Simulation_Lab1 - Simulation Lab #1: Dynamic Simulation of...

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1 Simulation Lab #1: Dynamic Simulation of Jumping Professor B.J. Fregly Mechanics of the Human Locomotor System EML 5595 - Fall 2010 Lab and Jumping Software Developers: Jeff Reinbolt and B.J. Fregly Computational Biomechanics Lab, University of Florida Derived from a similar simulation lab developed at Stanford University by Clay Anderson, Allison Arnold, Silvia Blemker, Darryl Thelen, and Scott Delp I. Introduction In the study of human movement, experimental measurement is generally limited to the kinematics of the body segments, external reaction forces, and electromyographic (EMG) signals from the muscles. While these data are essential for characterizing movement, they do not help us understand how individual muscles or groups of muscles are coordinated to produce movement. However, knowledge of muscle coordination is essential for quantifying the stresses placed on bones and understanding the functional roles of muscles in normal and pathological movement. Dynamic simulation of the musculoskeletal system provides a means for understanding multijoint coordination as well as a framework for investigating how the various components of the musculoskeletal system interact to produce movement. The purpose of this lab is to introduce you to some basic issues involved in dynamic modeling and simulation of the human musculoskeletal system. You will use an interactive jumper model to perform repeated dynamic simulations of jumping with the goal of maximizing the jump height of the model. The interactive model gives you manual control over the initial joint angles in the model and the time histories of the net muscle joint torque actuators controlling the motion of each joint. These torque actuators represent the net control effect of all muscles spanning the toe, ankle, knee, and hip joints in the model. In addition, you can turn on and off passive joint torques that account for foot contact with the ground and ligament restraint of joint hyperextension. In both cases, if a joint goes beyond a physically realistic limit (e.g., the foot rotates through the ground or the knee hyperextends), a passive control torque is generated in the opposite direction to counteract the undesirable joint motion. Jumping was chosen as the activity for this lab because it possesses a well-defined objective (i.e., jump as high as possible) and, although still complex, its muscular coordination is relatively simple compared to walking. The musculoskeletal model used in this lab was taken from a study published by Pandy et al . (1990). While the joint angle definitions in the present model differ from those in that study (we use relative rather than absolute joint angles), the basic dynamical model is almost identical with two exceptions. First, we model the influence of muscles using net torque actuators instead of individual muscle forces, and second, we include the influence of passive ligamentous restraining torques. By working through this lab, you will get a feel for the computational cost of repeated dynamic simulation, develop an understanding of how passive torques can affect the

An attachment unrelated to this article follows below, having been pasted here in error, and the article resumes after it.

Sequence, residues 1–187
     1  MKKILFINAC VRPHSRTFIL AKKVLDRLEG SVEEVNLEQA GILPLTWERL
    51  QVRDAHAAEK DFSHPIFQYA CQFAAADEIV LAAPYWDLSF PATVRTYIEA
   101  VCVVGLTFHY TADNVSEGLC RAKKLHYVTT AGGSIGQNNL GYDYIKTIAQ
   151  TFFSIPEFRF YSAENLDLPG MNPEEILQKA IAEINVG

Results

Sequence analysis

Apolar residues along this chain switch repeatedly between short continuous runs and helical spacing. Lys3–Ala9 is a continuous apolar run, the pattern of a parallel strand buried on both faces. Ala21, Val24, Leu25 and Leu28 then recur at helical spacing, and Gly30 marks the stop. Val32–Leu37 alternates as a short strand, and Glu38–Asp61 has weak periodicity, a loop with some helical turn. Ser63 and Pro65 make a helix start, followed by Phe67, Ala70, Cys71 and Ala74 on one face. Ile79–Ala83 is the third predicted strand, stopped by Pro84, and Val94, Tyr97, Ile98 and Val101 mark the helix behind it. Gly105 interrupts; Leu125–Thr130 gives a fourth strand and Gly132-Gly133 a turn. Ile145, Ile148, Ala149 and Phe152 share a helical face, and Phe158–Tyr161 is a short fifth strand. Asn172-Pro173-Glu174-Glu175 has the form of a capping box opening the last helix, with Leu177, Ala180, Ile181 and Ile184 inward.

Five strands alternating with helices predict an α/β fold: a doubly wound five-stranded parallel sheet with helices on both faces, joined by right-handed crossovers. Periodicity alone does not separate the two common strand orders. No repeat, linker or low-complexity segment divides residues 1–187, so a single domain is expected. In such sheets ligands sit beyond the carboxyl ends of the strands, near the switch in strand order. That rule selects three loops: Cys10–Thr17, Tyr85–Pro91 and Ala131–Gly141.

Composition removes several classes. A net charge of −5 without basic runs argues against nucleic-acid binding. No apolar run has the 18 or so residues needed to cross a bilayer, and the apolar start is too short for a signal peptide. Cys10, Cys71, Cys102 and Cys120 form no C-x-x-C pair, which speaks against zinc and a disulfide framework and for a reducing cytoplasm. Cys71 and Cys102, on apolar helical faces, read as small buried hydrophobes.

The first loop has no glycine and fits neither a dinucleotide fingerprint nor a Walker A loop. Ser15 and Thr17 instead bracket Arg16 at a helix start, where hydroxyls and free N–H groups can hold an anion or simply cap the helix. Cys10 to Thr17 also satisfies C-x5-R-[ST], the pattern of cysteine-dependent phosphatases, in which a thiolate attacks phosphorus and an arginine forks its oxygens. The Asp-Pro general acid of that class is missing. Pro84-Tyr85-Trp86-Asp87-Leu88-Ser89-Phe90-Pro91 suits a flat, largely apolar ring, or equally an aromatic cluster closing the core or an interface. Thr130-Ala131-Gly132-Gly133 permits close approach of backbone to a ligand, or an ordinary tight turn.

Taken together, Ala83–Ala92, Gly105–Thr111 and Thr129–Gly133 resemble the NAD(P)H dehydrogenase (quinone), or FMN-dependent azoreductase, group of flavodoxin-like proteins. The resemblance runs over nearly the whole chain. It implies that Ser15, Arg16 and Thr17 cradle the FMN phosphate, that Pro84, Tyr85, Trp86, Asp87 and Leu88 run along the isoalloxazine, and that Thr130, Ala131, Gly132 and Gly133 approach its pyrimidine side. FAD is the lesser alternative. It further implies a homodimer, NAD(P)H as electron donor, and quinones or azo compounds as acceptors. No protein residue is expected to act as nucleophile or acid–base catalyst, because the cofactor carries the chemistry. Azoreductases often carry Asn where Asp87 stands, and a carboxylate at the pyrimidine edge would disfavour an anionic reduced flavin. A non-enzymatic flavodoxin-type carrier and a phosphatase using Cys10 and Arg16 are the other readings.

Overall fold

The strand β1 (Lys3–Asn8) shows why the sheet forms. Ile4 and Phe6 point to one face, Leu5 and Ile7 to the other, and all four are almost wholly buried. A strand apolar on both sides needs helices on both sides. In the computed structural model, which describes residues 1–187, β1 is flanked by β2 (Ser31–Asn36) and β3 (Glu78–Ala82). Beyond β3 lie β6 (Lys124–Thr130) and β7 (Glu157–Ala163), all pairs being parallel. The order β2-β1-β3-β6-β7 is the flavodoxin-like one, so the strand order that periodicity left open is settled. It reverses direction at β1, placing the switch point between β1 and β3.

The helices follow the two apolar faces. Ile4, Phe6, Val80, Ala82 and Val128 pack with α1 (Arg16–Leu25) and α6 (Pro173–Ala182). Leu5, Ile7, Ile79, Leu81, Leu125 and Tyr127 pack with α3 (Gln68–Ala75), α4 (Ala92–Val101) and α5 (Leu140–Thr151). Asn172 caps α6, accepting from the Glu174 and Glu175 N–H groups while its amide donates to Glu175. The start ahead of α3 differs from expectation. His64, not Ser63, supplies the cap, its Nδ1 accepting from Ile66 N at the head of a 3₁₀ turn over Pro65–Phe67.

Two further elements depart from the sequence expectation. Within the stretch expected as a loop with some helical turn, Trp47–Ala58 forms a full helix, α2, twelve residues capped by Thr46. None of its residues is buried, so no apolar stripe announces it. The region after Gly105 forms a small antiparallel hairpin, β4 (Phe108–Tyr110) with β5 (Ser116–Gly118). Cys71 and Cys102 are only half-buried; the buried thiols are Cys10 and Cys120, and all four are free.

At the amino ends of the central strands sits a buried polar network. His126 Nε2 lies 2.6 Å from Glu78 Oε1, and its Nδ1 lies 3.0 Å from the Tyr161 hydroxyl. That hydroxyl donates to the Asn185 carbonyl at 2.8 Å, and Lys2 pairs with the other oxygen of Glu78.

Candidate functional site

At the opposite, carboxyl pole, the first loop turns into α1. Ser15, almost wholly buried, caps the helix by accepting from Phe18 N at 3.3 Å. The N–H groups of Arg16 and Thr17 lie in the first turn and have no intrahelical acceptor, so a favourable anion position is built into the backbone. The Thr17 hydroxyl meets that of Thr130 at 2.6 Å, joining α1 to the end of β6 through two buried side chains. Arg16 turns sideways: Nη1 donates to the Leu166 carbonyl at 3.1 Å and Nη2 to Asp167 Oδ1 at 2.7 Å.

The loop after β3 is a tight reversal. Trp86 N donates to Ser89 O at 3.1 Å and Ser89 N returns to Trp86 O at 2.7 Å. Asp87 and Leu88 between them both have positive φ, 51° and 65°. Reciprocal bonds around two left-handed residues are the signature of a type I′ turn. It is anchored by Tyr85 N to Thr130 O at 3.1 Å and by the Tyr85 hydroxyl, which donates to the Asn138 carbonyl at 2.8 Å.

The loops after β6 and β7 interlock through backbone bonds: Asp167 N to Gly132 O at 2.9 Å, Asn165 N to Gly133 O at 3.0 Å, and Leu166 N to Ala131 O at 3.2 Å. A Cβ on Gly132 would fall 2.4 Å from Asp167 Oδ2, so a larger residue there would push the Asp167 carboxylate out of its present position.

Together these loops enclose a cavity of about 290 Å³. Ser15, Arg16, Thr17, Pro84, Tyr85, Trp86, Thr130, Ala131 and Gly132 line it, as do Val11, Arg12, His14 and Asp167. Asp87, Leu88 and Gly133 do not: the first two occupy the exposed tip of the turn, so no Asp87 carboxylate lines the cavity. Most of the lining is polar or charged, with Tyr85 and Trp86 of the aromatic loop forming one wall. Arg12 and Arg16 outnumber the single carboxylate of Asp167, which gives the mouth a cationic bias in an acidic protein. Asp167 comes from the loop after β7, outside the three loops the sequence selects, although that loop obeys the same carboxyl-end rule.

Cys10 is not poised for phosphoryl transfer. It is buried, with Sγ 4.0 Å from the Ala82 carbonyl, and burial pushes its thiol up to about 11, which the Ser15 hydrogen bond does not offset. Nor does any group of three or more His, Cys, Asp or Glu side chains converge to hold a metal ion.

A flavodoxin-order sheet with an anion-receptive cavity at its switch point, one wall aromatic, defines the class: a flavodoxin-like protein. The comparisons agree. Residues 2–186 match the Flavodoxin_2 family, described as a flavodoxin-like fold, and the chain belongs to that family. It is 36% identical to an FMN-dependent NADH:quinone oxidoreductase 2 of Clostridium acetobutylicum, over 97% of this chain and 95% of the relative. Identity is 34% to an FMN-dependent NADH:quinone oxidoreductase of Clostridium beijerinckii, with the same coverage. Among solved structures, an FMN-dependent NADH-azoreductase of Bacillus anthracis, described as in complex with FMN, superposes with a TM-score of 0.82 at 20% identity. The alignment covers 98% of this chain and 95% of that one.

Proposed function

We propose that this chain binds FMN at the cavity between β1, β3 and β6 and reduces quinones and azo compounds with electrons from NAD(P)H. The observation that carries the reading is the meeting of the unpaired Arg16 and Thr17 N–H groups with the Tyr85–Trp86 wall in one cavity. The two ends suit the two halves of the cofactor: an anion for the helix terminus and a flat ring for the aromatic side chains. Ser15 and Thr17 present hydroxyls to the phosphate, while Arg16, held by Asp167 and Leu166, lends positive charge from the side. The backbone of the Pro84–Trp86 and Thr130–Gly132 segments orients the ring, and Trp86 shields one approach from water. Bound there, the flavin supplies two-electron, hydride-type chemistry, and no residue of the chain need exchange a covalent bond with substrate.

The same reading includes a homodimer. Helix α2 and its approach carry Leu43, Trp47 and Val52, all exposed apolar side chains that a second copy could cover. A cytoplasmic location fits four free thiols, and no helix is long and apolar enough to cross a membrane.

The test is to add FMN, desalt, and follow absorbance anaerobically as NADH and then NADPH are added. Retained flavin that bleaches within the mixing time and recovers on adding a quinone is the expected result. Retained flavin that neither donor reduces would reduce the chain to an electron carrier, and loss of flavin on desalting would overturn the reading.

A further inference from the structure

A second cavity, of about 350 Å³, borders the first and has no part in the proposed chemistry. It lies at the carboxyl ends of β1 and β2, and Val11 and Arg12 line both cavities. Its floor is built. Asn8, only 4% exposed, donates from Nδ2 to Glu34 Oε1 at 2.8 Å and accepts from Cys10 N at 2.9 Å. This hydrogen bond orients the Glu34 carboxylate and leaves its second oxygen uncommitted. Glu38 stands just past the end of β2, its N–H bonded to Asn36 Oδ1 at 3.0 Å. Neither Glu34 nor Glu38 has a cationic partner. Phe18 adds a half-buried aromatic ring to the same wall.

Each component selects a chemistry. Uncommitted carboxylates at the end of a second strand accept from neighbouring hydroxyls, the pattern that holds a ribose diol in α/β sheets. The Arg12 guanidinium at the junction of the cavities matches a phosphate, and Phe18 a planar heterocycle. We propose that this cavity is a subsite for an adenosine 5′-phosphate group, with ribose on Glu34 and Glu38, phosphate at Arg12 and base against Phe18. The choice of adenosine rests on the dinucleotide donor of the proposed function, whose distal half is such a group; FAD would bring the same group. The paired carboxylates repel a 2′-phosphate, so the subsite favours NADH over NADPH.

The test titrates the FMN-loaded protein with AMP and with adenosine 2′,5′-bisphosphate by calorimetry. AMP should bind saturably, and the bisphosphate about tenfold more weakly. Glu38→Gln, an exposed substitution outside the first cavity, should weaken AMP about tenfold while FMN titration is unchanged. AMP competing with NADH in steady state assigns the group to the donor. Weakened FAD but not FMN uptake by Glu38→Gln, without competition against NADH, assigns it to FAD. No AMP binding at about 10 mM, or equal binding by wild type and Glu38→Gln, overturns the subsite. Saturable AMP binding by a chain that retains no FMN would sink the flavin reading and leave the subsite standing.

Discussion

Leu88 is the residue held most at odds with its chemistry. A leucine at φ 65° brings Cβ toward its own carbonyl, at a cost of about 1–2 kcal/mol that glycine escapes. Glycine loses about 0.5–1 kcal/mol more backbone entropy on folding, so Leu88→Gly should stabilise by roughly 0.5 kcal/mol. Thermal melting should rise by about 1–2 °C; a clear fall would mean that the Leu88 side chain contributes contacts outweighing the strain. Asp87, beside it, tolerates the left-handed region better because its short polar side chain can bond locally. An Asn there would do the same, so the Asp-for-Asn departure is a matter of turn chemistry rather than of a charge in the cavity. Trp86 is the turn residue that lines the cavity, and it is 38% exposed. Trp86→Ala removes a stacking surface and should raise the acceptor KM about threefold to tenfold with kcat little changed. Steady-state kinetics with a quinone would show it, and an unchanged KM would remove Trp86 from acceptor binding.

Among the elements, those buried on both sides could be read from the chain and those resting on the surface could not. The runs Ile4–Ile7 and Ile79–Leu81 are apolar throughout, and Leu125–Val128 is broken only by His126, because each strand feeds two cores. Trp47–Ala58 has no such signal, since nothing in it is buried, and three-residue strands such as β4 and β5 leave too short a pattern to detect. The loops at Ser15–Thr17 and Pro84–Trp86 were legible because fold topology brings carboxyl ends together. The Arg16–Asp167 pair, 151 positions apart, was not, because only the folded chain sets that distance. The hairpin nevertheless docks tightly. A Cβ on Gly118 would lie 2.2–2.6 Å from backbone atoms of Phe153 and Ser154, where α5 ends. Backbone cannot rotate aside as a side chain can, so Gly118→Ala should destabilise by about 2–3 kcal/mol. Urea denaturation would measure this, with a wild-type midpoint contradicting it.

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This note was uploaded on 02/15/2012 for the course EML 5595 taught by Professor Staff during the Spring '08 term at University of Florida.

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Simulation_Lab1 - Simulation Lab #1: Dynamic Simulation of...

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